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In Sandro Botticelli’s Venus and Mars, the artist depicts a scene from Greco-Roman mythology portraying the god of war, Mars, and the goddess of love, Venus, in a rather compromising position.

After engaging in some passionate lovemaking, Mars lays across from Venus, asleep, snoring, mostly naked, and exhausted from all the sex-having. Venus, on the other hand, remains calm and collected, fully clothed, the picture of perfection. The goddess’s hair seems to be woven into the fabric of her dress, an irony on the part of the artist because you know that thing had to come off at some point if you catch my drift. By representing the gods as such, Botticelli gives power to the female body, as she has “conquered” Mars. In this way, the painting becomes an allegory for the notion that love conquers war.

Commissioned by the Vespucci family in late 15th century Florence, Venus and Mars originally served as a wedding gift for a bride. These types of paintings typically hung in a multi-purpose room called the camera. People would bring their guests into the camera to flaunt their prized possessions, including art pieces such as this one, family portraits, and treasures of the sort. Also, when a man and his wife attempted to conceive a child, they did so in the camera. They believed that when a woman looks at a beautiful man or babies before sex it increased her likelihood of conceiving a male child, hence the immaculate male form of Mars surrounded by little putti, baby cupids.

In this painting, Botticelli represents putti as satyrs, which in Greco-Roman mythology are drunk and perpetually aroused half-man, half-goat creatures that partied all the time. The word satyric, meaning a lewd and lustful person, originates from this mythological creature. In classical art, satyrs are typically represented with human bodies, goat legs, a tail, ears, and a massive, raging erection. The technical term for these half-man, half-goat boners is ithyphallic. No, this vocab word is not relevant to your understanding of this painting, but I’m fascinated by the fact that there is a real, technical term for satyr boners and I felt compelled to share this information. Botticelli’s clever depiction of putti as satyrs combines the representation of love (cupids), with sex and fertility (satyrs). Though the artist depicts the satyrs in Venus and Mars as babies rather than fully-grown men with exaggerated erect penises, the historical and mythological context of these creatures directly relates to the purpose of this commission as a wedding gift to a newlywed couple.

Each time I look at this painting, I see something new. Like the wasps near Mars’s ear, ready to sting at any second. Some art historians believe this to be a reference to the sting of love, while others insist that it references the Vespucci family because the word for wasp in Italian is vespe. Another fun detail is the satyr peeking out at the audience through Mars’s armor, ready to awaken Mars from his deep sleep. With so much rich imagery, Botticelli captures a playfulness and humor that would have been appreciated by its viewers in the work's original context, and is still enjoyed and celebrated today.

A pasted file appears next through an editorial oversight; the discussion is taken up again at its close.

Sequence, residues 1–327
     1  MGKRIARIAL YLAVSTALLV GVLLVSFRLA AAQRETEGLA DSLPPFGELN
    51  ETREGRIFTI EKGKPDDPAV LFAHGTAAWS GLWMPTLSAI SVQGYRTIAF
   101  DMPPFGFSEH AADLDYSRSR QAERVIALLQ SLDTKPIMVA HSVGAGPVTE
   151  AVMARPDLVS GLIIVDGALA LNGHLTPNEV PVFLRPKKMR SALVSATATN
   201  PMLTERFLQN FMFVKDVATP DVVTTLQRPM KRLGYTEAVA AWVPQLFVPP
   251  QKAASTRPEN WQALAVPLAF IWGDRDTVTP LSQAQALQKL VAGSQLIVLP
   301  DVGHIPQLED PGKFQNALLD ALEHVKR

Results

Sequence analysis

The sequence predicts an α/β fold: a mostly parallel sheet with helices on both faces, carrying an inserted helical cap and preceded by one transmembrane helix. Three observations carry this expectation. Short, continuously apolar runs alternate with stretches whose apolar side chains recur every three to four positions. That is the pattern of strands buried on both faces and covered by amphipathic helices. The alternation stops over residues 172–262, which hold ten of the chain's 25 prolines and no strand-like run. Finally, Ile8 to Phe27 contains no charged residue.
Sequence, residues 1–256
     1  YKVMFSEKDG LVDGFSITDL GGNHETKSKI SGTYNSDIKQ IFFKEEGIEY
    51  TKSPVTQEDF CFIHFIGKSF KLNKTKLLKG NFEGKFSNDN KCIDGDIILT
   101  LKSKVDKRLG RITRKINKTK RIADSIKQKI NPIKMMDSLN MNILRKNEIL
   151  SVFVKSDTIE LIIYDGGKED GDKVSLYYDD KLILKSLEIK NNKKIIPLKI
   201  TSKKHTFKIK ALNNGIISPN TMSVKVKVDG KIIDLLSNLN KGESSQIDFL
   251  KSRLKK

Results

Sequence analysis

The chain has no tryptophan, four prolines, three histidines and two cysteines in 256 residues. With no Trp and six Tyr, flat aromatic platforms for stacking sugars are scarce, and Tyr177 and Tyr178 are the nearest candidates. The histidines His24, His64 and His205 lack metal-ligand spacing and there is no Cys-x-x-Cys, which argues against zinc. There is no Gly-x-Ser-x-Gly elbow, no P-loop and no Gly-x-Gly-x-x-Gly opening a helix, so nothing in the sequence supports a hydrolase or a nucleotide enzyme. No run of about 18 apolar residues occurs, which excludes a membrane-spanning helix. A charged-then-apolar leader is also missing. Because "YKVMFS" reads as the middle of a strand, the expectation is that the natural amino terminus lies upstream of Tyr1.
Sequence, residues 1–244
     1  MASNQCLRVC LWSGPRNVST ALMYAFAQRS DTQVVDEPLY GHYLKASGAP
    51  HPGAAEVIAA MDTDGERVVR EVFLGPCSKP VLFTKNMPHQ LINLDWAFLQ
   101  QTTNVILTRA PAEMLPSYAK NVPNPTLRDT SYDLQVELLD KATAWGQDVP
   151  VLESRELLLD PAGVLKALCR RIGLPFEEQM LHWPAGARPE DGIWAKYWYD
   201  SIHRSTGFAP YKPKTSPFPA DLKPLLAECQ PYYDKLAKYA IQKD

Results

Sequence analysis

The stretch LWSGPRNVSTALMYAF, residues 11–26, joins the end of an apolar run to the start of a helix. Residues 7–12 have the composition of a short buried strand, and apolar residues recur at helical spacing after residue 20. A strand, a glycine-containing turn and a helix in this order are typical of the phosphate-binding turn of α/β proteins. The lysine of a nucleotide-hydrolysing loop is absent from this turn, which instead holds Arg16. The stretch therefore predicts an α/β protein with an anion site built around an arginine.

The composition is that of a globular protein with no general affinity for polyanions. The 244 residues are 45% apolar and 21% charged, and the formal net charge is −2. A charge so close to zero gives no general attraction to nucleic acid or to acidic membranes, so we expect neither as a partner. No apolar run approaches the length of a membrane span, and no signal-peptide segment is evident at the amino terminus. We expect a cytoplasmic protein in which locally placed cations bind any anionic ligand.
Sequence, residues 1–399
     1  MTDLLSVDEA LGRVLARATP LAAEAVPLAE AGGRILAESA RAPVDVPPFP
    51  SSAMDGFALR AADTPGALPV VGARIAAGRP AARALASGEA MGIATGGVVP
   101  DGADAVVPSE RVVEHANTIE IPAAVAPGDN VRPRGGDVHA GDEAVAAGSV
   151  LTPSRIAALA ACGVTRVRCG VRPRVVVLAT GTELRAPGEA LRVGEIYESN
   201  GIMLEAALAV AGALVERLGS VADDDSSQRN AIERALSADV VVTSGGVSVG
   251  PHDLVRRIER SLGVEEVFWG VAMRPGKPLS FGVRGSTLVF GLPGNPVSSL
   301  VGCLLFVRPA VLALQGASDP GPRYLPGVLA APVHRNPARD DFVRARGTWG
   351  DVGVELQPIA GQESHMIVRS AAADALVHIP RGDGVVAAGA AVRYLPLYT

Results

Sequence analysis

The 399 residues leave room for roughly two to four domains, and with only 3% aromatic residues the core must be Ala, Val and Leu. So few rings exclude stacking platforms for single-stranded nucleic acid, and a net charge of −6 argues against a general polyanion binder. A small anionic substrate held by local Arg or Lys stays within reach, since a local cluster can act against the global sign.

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Here is what Wikipedia says about Venus and Mars (Botticelli)

Venus and Mars (or Mars and Venus) is a panel painting of about 1485 by the Italian Renaissance painter Sandro Botticelli. It shows the Roman gods Venus, goddess of love, and Mars, god of war, in an allegory of beauty and valour. The youthful and voluptuous couple recline in a forest setting, surrounded by playful baby satyrs.

The painting was probably intended to commemorate a wedding, set into panelling or a piece of furniture to adorn the bedroom of the bride and groom, possibly as part of a set of works. This is suggested by the wide format and the close view of the figures. It is widely seen as representation of an ideal view of sensuous love. It seems likely that Botticelli worked out the concept for the painting, with its learned allusions, with an advisor such as Poliziano, the Medici house poet and Renaissance Humanist scholar.

The exact date of Venus and Mars is not known, but the National Gallery's dated the painting to "c. 1485" in 2017. Scholar Ronald Lightbown dates it to "probably around 1483", while art historians Leopold & Helen Ettlinger date the painting to "the latter half of the 1480s". All dates depend on analysis of the style, as the painting has not been convincingly tied to a specific date, such as a wedding. It likely comes a few years after the Primavera and Pallas and the Centaur (both about 1482) and around the time of The Birth of Venus (c. 1486). It is the only one of these paintings not in the Uffizi in Florence; it has been in the National Gallery in London since 1874.

Check out the full Wikipedia article about Venus and Mars (Botticelli)